Pop-up ads have become a common nuisance in today’s day and age, but now there may be additional legal complications and consequences associated with the practice.
Recently, the legal community has seen a large increase in the filing of lawsuits under the Americans with Disabilities Act “(“ADA”). Many top retailers, academic institutions, online streaming services, and technology giants have been subject to lawsuits that claim that their websites are discriminatory and violate the civil rights of Internet users that are sight and/or hearing-impaired. These lawsuits allege that the lack of screen readers or closed-captioning on videos or content posted on these Internet websites violate the civil rights of users with disabilities.
Despite the public outcry for government oversight and general confusion over legal requirements, the United States Department of Justice has continually delayed the release of their official guidelines and comments, stating that guidelines are expected to be released some time in 2018.
In the meantime, the increasingly aggressive use of popup ads has now come under scrutiny. The American Foundation for the Blind has stated that many blind or sight-impaired users increasingly encounter extreme frustration when attempting to navigate the web. Because many popup ads intentionally make it difficult to dismiss or close the popup ad by disguising the dismiss button or by making the button extremely small, sight-impaired users have found it difficult to be able to tap the dismiss button with the requisite precision.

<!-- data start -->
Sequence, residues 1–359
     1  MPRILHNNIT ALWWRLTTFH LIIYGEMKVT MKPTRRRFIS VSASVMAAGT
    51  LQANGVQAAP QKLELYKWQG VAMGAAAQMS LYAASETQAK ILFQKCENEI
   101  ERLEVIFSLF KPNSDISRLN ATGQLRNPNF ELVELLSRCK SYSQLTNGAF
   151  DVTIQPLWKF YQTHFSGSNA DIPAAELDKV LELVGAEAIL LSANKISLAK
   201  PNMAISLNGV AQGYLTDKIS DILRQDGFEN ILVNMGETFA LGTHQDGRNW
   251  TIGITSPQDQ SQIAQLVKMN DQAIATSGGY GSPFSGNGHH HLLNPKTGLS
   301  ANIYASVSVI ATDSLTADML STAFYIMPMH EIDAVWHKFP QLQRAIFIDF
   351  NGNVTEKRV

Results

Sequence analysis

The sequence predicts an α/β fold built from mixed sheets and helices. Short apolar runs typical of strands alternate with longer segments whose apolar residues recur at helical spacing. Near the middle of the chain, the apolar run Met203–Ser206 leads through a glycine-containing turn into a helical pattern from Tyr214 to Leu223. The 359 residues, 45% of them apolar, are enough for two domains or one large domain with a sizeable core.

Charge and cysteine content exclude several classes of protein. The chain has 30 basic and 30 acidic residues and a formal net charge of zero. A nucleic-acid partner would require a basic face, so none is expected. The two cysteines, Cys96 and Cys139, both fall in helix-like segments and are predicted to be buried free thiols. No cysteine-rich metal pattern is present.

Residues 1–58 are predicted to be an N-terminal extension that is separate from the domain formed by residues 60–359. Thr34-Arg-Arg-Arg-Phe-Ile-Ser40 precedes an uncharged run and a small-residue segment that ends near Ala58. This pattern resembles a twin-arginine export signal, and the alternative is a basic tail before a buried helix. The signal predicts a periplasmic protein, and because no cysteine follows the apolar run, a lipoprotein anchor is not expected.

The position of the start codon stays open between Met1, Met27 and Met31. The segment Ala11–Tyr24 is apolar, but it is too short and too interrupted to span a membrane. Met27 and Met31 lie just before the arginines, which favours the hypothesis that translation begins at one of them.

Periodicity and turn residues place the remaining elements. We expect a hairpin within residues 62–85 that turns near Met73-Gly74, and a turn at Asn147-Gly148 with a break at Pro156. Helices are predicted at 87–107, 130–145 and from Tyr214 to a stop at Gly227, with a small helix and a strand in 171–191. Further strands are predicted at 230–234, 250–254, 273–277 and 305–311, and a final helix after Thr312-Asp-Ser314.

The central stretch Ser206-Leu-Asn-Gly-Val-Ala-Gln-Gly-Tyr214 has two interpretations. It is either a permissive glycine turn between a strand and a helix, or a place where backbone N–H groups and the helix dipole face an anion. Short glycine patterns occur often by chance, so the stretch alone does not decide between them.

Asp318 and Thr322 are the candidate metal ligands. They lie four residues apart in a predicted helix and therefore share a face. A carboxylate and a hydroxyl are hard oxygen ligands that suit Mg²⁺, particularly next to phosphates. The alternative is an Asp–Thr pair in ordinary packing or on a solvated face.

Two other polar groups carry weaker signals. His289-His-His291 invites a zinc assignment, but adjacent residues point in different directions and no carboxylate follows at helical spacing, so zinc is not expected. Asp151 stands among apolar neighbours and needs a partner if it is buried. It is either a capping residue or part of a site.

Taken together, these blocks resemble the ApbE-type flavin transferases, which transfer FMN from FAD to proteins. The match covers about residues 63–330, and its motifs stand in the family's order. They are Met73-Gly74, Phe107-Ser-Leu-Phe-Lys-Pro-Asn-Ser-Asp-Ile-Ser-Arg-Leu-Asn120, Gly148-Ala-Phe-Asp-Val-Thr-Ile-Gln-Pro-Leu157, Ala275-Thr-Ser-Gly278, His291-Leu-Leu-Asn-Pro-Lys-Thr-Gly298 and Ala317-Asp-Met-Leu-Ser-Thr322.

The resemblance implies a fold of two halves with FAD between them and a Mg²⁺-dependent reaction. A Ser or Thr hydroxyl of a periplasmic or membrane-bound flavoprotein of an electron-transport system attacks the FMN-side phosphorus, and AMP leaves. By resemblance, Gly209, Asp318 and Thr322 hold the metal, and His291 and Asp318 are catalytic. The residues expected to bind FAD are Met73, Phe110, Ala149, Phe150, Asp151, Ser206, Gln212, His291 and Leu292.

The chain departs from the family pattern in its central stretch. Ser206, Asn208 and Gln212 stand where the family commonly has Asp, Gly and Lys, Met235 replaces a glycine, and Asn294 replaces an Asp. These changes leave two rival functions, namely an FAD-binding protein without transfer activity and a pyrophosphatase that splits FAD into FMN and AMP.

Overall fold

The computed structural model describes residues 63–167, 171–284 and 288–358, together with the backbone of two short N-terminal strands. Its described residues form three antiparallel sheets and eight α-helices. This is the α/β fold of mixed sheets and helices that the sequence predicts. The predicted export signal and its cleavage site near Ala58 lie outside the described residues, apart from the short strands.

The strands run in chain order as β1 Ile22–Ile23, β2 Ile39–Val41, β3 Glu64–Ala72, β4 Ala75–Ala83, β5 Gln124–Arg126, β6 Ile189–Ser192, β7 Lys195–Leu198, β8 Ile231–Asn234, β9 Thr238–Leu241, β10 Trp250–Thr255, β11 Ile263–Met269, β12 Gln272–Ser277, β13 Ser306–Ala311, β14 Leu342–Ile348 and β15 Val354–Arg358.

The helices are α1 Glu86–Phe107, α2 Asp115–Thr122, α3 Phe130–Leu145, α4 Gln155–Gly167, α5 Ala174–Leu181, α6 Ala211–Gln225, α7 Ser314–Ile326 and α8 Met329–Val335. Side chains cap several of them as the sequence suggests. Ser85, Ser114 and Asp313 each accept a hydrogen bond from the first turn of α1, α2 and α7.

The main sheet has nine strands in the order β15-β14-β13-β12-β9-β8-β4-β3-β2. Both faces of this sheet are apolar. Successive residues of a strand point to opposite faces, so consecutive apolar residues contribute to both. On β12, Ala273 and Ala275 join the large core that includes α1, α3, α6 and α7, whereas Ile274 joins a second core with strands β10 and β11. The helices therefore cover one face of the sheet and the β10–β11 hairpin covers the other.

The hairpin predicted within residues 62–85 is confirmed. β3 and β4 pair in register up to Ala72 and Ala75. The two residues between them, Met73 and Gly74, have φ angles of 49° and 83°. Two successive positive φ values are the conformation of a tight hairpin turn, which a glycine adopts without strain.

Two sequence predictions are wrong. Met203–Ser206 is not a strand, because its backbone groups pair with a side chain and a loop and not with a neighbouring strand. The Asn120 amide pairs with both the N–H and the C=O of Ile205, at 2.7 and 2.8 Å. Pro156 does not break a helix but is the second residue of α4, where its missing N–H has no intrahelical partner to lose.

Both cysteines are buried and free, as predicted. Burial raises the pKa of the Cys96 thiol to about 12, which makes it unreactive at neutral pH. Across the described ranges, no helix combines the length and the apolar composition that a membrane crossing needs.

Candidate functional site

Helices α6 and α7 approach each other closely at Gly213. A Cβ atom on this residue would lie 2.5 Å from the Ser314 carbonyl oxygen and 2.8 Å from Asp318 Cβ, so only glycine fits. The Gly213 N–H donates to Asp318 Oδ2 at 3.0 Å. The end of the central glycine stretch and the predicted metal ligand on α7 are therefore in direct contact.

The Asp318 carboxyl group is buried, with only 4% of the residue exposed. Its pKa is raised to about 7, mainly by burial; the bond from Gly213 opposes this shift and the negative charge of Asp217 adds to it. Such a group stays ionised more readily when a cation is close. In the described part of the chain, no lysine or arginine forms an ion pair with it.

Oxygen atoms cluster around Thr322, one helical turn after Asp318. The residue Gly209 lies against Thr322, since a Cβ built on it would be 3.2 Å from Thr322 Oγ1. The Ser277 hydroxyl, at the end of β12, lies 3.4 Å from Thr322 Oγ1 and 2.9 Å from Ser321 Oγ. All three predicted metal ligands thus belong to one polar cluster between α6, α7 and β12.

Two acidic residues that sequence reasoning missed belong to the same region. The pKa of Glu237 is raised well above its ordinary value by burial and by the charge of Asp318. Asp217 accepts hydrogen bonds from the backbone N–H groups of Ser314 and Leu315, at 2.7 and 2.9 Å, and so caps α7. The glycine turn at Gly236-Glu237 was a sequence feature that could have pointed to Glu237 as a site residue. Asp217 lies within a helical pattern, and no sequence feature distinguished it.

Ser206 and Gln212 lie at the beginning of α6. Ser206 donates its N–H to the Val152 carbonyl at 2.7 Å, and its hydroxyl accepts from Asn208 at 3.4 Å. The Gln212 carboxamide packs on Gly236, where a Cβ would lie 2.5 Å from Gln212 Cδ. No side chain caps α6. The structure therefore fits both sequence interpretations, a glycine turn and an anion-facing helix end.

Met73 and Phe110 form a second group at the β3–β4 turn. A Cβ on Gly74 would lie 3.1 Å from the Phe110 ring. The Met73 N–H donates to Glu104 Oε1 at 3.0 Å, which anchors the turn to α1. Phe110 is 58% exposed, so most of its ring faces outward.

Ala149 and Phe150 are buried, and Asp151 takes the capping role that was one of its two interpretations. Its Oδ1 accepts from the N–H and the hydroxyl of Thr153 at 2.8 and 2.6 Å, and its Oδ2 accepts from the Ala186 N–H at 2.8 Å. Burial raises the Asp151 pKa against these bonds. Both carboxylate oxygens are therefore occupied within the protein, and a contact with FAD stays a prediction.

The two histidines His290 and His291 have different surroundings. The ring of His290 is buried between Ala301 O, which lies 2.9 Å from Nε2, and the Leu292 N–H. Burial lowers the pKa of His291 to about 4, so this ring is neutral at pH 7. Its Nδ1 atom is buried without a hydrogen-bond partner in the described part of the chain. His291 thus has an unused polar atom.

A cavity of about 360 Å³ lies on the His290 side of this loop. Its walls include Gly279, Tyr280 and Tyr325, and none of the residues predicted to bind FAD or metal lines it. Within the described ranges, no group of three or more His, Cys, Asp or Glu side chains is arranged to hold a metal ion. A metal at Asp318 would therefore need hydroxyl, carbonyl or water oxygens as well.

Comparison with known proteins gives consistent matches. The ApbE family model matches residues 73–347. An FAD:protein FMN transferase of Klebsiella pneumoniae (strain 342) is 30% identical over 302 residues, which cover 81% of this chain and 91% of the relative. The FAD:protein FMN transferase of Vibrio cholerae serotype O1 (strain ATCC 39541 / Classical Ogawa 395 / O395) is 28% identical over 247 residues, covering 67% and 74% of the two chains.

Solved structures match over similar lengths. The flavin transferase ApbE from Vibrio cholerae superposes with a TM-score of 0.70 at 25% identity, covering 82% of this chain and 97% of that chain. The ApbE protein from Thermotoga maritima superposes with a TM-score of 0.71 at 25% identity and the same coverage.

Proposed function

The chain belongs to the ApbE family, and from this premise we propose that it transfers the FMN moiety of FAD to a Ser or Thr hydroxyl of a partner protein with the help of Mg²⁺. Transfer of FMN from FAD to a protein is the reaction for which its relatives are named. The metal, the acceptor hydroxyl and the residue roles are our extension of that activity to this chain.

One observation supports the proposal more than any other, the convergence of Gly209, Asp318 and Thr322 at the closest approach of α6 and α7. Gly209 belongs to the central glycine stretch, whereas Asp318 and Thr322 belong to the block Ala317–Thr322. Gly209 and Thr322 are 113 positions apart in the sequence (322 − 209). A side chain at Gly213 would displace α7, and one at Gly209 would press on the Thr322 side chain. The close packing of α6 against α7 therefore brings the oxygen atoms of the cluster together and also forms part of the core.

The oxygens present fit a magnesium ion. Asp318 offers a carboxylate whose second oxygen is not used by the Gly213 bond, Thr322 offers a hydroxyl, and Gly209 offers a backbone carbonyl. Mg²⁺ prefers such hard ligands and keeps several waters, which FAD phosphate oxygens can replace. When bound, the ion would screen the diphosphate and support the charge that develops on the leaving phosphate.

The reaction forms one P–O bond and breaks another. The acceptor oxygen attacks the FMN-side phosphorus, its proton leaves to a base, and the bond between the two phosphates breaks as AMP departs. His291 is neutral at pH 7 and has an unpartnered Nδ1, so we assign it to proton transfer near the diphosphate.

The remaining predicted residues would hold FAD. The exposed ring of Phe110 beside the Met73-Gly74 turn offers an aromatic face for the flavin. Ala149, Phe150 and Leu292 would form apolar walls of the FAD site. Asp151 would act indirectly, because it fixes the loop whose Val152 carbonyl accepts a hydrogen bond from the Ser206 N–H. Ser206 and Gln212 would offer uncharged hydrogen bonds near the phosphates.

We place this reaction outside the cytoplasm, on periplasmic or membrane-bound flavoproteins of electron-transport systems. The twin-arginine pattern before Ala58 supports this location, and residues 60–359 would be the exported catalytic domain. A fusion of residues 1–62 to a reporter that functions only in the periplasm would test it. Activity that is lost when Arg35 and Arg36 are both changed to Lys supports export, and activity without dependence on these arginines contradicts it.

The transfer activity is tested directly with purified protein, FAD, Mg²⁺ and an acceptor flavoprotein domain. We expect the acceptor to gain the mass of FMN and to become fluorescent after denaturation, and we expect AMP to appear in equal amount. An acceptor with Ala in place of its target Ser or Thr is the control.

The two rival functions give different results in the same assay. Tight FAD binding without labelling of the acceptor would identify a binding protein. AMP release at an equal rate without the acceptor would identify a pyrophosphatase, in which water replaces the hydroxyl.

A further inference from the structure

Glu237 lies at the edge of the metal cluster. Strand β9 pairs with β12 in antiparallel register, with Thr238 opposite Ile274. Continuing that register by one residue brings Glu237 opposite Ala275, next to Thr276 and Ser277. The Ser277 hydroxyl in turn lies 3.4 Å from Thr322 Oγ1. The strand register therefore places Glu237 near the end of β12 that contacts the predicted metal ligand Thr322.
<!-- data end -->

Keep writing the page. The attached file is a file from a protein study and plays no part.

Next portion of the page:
Likewise, users that rely on screen readers often face similar issues. Currently, it is common in the web-programming industry to append coding of popup ads to the bottom of the webpage. As a result, users that rely on screen readers often encounter garbled content at the end of the webpage they are perusing, without any type of forewarning. Basically, these users may be surfing the web and then begin to suddenly hear the garbled translation of popup ads (e.g., “free stuff, jpeg024, link, link, png, etc.) jarringly at the end of the page.
To further exacerbate the issue, there is no legal requirement that coding for the keyboard-equivalent of “dismiss” keys be included in popup ads. As such, whether it is due to sheer oversight or other more nefarious reasons, many websites fail to include these keyboard-equivalent-dismiss keys in their ads. As a result, web users that rely solely on the use of a keyboard, as opposed to those that use a mouse or trackpad, may not even be able to dismiss popup ads or navigate off the offending ads and pages.
Overall, the legal community had seen an explosion in ADA-related lawsuits over the past few years. It is highly likely that the increasingly aggressive behavior of popup ads and similar type of ad-behavior will only result in even more ADA-related litigation.